Scientists Are Claiming That Plastic Is Shrinking Male Genitals
Well this is terrifying news. According to two Melbourne-based scientists, plastics are causing genital defects in new born baby boys, and resulting in smaller penises.
Their assertion is based on a metadata analysis of different studies showing the effects of plastic and associated chemicals on animals and humans, and the duo have identified a corresponding increase in hypospadia (when the opening of the penis is on the underside rather than the tip).
“Exposure to these chemicals, this is the No.1 reproductive issue for men,” Associate Professor Andrew Pask told the Sydney Morning Herald.
Along with his colleague Dr. Mark Green, Dr. Pask identifies several chemicals that are known to have negative effects on the health of humans, and are consumed every day either through food contamination or even in our water.
And it seems that Green and Pask aren’t the first to identify a link between plastic consumption and genital birth defects.
A 2014 study by the Department of Health Sciences, Karlstad University, Sweden, identified the effects of Phthalates, a common component of many products, on young males. In the Swedish study, scientists identified a significant shortening of the distance between the anus and the penis.
“These findings call into question the safety,” says the report. “Particularly because a shorter male AGD (distance from the anus to the genitals) has been shown to relate to male genital birth defects in children and impaired reproductive function in adult males and the fact that human levels of DiNP (diisononyl phthalate) are increasing globally.”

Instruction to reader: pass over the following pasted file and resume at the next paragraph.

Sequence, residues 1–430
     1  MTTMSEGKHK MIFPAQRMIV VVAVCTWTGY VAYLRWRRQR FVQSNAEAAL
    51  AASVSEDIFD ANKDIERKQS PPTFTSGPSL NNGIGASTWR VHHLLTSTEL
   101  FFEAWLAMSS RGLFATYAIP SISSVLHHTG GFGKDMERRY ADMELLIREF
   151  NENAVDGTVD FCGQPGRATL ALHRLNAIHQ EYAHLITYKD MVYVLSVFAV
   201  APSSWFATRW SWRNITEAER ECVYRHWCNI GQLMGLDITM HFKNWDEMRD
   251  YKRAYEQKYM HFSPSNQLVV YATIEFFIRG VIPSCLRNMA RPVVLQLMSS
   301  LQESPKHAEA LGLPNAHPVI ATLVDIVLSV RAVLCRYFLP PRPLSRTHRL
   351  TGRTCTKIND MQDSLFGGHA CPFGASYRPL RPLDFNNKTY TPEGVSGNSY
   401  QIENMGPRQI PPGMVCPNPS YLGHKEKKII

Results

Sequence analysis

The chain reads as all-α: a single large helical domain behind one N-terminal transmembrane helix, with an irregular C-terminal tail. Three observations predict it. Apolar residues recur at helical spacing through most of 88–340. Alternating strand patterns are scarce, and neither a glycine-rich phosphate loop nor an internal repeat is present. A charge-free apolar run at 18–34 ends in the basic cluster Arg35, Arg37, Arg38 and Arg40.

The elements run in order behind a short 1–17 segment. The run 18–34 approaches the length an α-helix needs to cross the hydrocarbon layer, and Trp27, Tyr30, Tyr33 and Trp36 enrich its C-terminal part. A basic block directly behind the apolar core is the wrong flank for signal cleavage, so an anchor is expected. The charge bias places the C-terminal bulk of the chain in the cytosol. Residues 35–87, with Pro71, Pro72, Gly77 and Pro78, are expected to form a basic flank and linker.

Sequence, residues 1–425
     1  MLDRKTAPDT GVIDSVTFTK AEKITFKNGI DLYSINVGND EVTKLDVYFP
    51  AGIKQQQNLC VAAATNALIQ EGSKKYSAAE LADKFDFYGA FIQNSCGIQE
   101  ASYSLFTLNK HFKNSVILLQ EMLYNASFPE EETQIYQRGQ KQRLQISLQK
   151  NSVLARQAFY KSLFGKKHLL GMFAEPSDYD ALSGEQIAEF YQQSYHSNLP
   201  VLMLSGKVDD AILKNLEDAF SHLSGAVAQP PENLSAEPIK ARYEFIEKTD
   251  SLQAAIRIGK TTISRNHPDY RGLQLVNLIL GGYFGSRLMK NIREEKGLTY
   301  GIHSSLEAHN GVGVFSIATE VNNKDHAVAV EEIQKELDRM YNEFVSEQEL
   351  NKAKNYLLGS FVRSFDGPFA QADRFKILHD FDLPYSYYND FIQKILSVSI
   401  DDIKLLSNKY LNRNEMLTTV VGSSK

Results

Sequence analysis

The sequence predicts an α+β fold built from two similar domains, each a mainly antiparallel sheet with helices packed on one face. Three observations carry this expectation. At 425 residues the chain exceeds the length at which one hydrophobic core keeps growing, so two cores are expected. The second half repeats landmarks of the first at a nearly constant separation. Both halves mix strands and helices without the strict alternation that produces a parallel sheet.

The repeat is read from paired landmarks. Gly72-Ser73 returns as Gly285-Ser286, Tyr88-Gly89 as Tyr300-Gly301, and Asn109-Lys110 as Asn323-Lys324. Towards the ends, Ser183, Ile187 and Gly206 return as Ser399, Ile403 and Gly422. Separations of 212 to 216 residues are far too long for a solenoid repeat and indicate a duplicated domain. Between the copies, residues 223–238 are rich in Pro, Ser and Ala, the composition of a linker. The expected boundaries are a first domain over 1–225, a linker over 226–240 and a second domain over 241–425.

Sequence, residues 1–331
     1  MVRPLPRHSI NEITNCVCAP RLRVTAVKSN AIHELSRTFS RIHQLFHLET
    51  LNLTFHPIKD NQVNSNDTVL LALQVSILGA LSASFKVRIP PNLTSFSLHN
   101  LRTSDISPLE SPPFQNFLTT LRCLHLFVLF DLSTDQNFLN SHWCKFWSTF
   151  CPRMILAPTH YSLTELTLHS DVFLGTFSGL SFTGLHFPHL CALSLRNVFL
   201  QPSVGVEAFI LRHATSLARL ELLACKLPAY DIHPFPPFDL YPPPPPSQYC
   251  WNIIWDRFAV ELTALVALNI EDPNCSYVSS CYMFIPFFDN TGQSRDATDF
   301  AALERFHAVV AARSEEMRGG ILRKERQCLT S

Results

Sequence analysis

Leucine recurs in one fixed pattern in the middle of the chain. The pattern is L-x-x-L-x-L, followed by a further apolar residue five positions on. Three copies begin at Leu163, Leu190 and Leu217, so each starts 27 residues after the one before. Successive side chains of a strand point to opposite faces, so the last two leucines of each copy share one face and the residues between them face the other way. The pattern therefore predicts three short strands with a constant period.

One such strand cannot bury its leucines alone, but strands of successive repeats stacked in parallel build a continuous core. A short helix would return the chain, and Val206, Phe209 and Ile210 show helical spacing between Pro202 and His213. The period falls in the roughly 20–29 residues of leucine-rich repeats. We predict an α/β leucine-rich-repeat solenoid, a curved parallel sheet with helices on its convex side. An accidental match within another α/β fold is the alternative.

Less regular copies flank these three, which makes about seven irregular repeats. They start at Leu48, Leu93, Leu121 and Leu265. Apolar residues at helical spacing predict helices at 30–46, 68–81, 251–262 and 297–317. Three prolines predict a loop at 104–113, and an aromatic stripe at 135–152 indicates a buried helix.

The Swedish study almost replicates the findings of a 2005 American study from the University of Rochester School of Medicine and Dentistry, and with exposure to plastics only on the rise, there is certain merit to validate ongoing research.
“No one likes to talk about this. Often parents don’t even like to tell their kids they had it (hypospadia) – it gets surgically repaired but often the surgeries don’t work very well,” says Dr Pask.
“When it’s [rate of incidence] doubling, it cannot be genetic defects – it takes years for that to spread through a population. So we know it has to be environmental in origin.”
The threat of plastic to our health has been a hot top this year, with the World Health Organisation (WHO) currently conducting a review into the safety of drinking bottled water after a new study of the worlds top brands found that 90 per cent contained microplastics. On average, the study conducted by the State University of NY on behalf of Orb Media, found an average of 325 tiny plastic particles per litre of drinking water.
"The public are obviously going to be concerned about whether this is going to make them sick in the short term and the long term,” said Bruce Gordon of WHO when talking to the BBC.
"When we think about the composition of the plastic, whether there might be toxins in it, to what extent they might carry harmful constituents, what actually the particles might do in the body – there's just not the research there to tell us," said Gordon, before this new analysis was released.